Thailand’s military regime is intent on erasing the political legacy of the Thaksin era.
At today’s ANU presentation by political scientist Surin Maisrikrod post-coup politics in Thailand was explored in terms of the “anomalies” of the Thaksin regime. To my count, five main anomalies were identified. (By “anomalies” I presume Surin meant things which set Thaksin’s government apart from previous governments.) First, there was the mythologising hype that Thaksin was a knight on a white horse that had saved the nation from the 1997 crisis and enslavement to institutions such as the IMF. Second, Thaksin fundamentally politicised the rural population. He was the first political leader to seriously pay attention to rural people and attempt to incorporate them into the national political and economic system. This incorporation, through schemes such as OTOP and the village fund, was highly politicised. This politicisation was guided by ex-Communist Party of Thailand figures (“Octoberists”) who had thrown in their lot with Thaksin. Third, Thai Rak Thai was not quite a normal political party but more a cult-like political movement based on unconditional belief in the leader. Its operations were based on populist nationalist sentiment and political chauvinism. This movement bought together a wide group of people in an unprecedented political alliance. Fourth, Thaksin did not pretend to be a democrat and openly adopted an autocratic style. He introduced a system of “winner takes all” one party rule. This is why it is legitimate to refer to his government as a “regime.” Only after the coup did Thaksin start to invoke democratic principles. Fifth, Thaksin surrounded himself with progressive anti-traditionalists. The “Octoberists” had come to realise that a revolution was unviable and sought to implement a revolutionary project by peaceful means.
Surin then went on to address some of the implications of these anomalies for the Thaksin era. Thaksin achieved overwhelming electoral victories but his manipulation of democratic institutions made a mockery of the electoral process. A key consequence of his “winner take all” approach was that political life became deeply polarised with people either with Thaksin or regarded as his enemy. Another feature was an unprecedented level of corruption. The 13 major cases being investigated by the Assets Examination Committee amount to over 300 million baht. Finally there was the view that Thaksin was disloyal to the king.
According to Surin, there have been two primary goals in the post-coup period. First, to dismantle the Thaksin structures and, second, to avoid the pitfalls of the Thaksin period in the future development of Thai democracy. These goals have primarily been achieved via the reassertion of the bureaucratic polity. The drafting of the new constitution provides some useful insights into the directions of post-coup politics. Various provisions represent an attempt to constrain state power, to reduce the power of political parties, and to increase the power of bureacrats and the judiciary. The other key initiative is the dissolution of the Thai Rak Thai party by the Constitutional Tribunal. Surin suggested that the dissolution of the party itself was less significant than the fact that it closed off a future legislative path for Thaksin supporters to pass an amnesty that would free him from corruption allegations. These are serious allegations, Surin argued, that could end in prison sentences for Thaksin and some of his colleagues.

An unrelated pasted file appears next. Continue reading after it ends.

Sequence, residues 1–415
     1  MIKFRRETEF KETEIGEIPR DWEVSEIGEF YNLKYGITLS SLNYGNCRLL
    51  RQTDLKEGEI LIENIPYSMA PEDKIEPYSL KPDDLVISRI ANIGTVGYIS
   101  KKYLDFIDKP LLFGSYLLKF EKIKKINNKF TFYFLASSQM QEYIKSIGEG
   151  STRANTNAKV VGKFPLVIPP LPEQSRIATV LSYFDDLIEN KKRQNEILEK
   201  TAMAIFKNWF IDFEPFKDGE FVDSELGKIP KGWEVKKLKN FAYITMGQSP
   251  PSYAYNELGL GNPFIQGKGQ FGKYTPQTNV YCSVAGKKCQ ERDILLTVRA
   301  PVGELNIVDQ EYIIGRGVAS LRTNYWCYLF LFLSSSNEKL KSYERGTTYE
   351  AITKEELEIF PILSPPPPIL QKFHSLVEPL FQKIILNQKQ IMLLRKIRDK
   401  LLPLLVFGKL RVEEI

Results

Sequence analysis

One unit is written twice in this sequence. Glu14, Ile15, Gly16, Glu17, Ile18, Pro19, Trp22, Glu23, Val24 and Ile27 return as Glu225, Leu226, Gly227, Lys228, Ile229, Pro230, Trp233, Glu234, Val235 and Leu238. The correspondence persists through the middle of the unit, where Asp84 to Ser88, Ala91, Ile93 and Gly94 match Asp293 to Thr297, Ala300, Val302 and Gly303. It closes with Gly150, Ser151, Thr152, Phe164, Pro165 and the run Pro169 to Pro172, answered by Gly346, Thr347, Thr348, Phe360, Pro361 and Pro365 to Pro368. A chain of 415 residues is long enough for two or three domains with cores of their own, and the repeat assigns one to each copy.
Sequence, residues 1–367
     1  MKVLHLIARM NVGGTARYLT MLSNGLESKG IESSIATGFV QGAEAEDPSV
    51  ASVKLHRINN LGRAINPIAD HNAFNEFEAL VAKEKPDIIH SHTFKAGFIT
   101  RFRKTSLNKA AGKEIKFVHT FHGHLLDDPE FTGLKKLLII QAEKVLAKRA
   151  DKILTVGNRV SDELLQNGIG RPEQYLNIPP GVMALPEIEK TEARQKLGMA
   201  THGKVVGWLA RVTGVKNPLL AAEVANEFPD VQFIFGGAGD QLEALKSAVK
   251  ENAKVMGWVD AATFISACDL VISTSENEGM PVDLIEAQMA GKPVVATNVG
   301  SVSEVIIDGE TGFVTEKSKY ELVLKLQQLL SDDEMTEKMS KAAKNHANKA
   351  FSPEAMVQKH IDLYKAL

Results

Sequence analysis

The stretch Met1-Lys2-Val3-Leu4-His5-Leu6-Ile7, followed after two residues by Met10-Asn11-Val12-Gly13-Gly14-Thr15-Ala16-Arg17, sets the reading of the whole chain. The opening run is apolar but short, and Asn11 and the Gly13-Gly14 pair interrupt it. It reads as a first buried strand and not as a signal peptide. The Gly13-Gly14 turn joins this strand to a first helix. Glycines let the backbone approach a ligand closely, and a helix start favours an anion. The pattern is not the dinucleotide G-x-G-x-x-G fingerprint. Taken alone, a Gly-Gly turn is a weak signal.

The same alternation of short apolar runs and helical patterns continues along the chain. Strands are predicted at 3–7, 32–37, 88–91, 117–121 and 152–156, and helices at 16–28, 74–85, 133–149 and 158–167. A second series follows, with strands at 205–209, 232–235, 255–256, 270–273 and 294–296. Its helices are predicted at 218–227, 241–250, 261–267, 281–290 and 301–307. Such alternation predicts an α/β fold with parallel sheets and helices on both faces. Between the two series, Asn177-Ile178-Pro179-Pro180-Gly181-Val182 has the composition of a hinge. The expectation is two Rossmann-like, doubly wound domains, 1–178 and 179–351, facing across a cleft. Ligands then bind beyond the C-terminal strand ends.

Surin concluded his presentation by saying that he intended to make some comments on the role of the monarchy but, unfortunately, time had run out!
Unsurprisingly, questioners took up this issue, inviting him to reflect on the role of the monarch. From my recollection he made two main comments about the monarchy. First, he put the familiar royalist argument that the king has been a stabilising and “self correcting” force in Thai politics. Second, he argued (rather passionately) that foreign scholars were quite wrong (and even neo-colonialist) to argue that Thai scholars did not discuss the role of the monarchy. Surin asserted that this discussion did take place in Thailand though perhaps in rather different terms to the sometimes “arrogant” discussion in the west (typified by Handley’s contribution). Surin suggested that there is a lack of foreign appreciation of the extent to which the king represents a sacred moral force in Thai society.
One audience member took issue with Surin’s depiction of the Thaksin regime’s anomalous position arguing, in particular, that autocratic styles of leadership had predominated in post-1932 Thai politics. This participant also argued that Thaksin was not the first to politicise the rural people, rather this had first been done by the king via his numerous rural development initiatives. What Thaksin had done, according to this participant, was to challenge the king’s rural support base.
During the discussion Surin raised the “what if” prospect of Thaksin having remained in power. He suggested that an extension of the Thaksin regime would have ended in violent confrontation. I asked, as others have on this blog, why the political crisis could not have been resolved by the election scheduled for late 2006. If the prospects for continued Thaksin rule were so bad why wouldn’t the electorate have thrown him out? Somewhat surprisingly, Surin was not willing to answer the question. I also commented that I found the concept of rural politicisation rather patronising. Does anyone ever talk about urban people or academics being politicised?
There were other questions, comments and responses. But I am happy to leave it to other New Mandala readers who were present to add their own comments on the seminar. Apologies if I have misreported or misinterpreted anything that was said!